R&D Leaders Must Play a Key Role in the Journey to Net Zero

CTOs and other executives who lead research and innovation are positioned to be critical change agents in cutting enterprises’ carbon footprints.

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Major companies worldwide have pledged to reach net-zero emissions, but pledges are one thing, and action is another. Momentum can, of course, be difficult to sustain. Carbon reduction may be imperative for the good of the planet, but it requires businesses to think and operate in new ways, to collaborate with more outside entities, to trust data-gathering processes that are new and developing — and to put R&D and innovation leaders at the center of the process.

Science Group convened a forum of R&D leaders and CTOs — including executives from Amcor, Bayer, Mars, PepsiCo, Procter & Gamble, Solvay, and Stepan — to identify ways in which companies can translate net-zero ambitions into material progress. In particular, we wanted to help define the pivotal role that innovation teams can play in the journey. Here, we highlight insights that emerged from this forum about practices that help build a pathway for both industry and the planet to thrive.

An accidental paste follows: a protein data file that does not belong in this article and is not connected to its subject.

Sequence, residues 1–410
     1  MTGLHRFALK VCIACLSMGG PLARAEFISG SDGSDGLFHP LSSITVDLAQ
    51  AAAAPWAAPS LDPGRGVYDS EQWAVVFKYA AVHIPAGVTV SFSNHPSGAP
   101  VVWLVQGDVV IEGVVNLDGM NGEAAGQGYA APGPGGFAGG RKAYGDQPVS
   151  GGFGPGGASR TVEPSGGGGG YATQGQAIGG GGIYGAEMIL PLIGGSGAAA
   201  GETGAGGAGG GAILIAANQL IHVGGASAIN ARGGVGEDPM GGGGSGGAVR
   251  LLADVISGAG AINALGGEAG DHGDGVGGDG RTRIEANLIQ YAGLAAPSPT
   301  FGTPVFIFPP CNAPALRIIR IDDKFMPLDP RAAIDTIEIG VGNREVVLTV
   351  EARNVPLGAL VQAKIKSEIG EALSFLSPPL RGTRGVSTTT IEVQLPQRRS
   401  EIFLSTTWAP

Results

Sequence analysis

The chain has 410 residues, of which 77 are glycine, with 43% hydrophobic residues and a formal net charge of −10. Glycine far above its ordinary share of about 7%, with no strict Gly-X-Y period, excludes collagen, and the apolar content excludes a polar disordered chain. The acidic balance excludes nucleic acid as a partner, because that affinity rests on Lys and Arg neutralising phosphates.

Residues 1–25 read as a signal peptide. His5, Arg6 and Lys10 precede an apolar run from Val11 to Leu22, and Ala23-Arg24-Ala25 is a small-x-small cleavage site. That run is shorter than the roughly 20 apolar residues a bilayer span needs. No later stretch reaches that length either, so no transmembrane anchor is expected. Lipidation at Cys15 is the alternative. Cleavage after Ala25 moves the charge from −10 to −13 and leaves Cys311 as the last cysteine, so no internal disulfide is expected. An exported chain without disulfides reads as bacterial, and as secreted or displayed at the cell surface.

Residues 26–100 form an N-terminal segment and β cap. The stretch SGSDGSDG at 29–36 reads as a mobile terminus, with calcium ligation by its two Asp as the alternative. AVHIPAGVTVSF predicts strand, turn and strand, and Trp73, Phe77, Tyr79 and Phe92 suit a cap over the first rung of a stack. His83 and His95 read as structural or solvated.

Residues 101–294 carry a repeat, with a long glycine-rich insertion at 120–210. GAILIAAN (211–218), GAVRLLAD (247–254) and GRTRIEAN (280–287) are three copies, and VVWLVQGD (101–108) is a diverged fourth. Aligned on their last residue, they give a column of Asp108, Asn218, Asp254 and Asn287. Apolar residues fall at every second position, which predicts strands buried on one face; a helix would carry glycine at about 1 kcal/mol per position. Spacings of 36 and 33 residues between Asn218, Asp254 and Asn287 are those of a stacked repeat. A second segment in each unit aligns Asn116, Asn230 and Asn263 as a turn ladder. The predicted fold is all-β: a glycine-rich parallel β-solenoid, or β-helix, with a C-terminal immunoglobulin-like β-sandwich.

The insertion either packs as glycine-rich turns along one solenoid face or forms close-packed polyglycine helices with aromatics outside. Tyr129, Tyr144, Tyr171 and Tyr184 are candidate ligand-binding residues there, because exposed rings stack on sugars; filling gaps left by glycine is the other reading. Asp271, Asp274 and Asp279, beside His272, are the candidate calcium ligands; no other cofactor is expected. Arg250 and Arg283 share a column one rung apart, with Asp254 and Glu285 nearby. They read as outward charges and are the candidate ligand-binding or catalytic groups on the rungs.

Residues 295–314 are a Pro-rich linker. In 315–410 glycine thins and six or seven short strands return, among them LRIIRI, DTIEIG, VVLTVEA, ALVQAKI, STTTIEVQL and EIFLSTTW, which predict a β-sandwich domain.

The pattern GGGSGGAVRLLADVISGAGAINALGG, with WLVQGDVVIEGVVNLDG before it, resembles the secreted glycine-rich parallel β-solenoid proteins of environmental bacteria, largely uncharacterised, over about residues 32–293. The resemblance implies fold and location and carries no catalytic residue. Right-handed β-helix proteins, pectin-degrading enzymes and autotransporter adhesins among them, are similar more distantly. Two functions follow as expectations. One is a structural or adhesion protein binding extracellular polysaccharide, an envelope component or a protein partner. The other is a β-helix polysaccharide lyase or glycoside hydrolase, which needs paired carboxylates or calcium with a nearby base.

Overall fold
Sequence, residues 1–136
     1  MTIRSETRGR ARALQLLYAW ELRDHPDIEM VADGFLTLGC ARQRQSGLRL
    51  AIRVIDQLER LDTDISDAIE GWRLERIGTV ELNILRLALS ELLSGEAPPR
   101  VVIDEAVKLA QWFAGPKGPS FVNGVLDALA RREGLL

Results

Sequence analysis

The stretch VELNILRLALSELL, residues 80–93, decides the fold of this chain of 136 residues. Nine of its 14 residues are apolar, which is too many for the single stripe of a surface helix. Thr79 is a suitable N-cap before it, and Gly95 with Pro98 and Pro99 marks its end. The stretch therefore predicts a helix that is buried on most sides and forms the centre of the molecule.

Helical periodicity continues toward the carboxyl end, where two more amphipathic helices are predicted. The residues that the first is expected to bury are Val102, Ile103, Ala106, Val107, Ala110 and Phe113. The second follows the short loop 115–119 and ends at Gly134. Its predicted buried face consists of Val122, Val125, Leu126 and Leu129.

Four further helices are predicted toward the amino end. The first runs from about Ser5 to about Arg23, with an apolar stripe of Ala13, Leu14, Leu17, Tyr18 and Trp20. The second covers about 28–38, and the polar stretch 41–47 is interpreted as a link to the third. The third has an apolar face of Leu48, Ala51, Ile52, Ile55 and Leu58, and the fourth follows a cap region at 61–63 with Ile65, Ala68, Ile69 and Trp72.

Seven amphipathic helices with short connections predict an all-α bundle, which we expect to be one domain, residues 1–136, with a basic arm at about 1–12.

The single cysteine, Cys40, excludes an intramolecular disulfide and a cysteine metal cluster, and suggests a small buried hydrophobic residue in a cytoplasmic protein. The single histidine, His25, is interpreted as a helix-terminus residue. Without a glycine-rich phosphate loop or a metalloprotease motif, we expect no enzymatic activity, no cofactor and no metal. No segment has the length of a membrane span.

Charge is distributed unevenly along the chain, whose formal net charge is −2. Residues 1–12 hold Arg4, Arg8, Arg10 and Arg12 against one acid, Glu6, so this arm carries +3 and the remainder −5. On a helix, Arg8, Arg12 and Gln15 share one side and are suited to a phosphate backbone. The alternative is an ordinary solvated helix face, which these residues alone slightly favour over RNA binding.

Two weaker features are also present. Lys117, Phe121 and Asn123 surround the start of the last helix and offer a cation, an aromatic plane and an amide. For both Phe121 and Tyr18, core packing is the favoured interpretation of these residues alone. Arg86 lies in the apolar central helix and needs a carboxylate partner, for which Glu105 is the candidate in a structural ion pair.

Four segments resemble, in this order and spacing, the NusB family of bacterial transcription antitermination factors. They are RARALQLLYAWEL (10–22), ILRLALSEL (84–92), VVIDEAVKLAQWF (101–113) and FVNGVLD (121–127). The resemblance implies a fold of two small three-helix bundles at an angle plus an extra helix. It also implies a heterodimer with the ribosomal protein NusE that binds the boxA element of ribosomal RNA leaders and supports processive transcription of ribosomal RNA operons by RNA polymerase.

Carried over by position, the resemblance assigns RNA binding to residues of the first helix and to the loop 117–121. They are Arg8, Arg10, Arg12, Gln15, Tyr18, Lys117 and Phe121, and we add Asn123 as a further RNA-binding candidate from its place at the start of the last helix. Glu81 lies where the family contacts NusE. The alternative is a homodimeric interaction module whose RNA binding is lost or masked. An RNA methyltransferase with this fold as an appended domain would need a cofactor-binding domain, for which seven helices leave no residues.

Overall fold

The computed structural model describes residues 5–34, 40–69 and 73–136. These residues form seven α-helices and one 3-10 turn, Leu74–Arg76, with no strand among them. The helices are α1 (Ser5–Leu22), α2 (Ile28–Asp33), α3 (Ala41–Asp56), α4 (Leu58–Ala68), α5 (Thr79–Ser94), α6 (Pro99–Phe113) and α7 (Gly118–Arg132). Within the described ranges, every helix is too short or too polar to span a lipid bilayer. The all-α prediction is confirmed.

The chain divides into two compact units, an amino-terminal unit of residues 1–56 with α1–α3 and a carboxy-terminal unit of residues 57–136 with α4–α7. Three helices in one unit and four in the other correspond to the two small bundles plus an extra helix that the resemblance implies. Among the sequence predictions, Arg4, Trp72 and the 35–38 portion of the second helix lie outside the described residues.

A Mandate for Action

If companies want their net-zero pledges to be more than well-intended aspirations, they have to make carbon reduction a core business value: Management must lose sleep over it, the way they have historically lost sleep over safety, quality, and profits. Acting on net zero is a cross-functional initiative, and the division of labor can be murky. Marketing, distribution, and other business functions will contribute to the company’s greenhouse gas (GHG) reduction target on their own timelines. Procurement, for instance, might be able to reduce emissions in short order, whereas R&D — which is, by definition, forward-looking — might be working three, five, or even 10 years out. The key, of course, is that all functions are working in concert toward clearly stated goals. R&D should swiftly and explicitly map out how its own role vis-à-vis carbon reduction differs from that of colleagues in other parts of the business. R&D leaders’ capacity to present scientific arguments to other executives can be a valuable assist to colleagues who must shape a similar plan.

Mapping out a companywide collaboration can be a process of self-discovery — one that reveals interdependencies and potential alliances.



The authors wish to thank the Science Group CTO Forum participants for their contributions to this work: Victor Aguilar, Nici Bush, Nicolas Cudré-Mauroux, William Jackson, Jason Keiper, René Lammers, Caroline Potter, and Robert Reiter.

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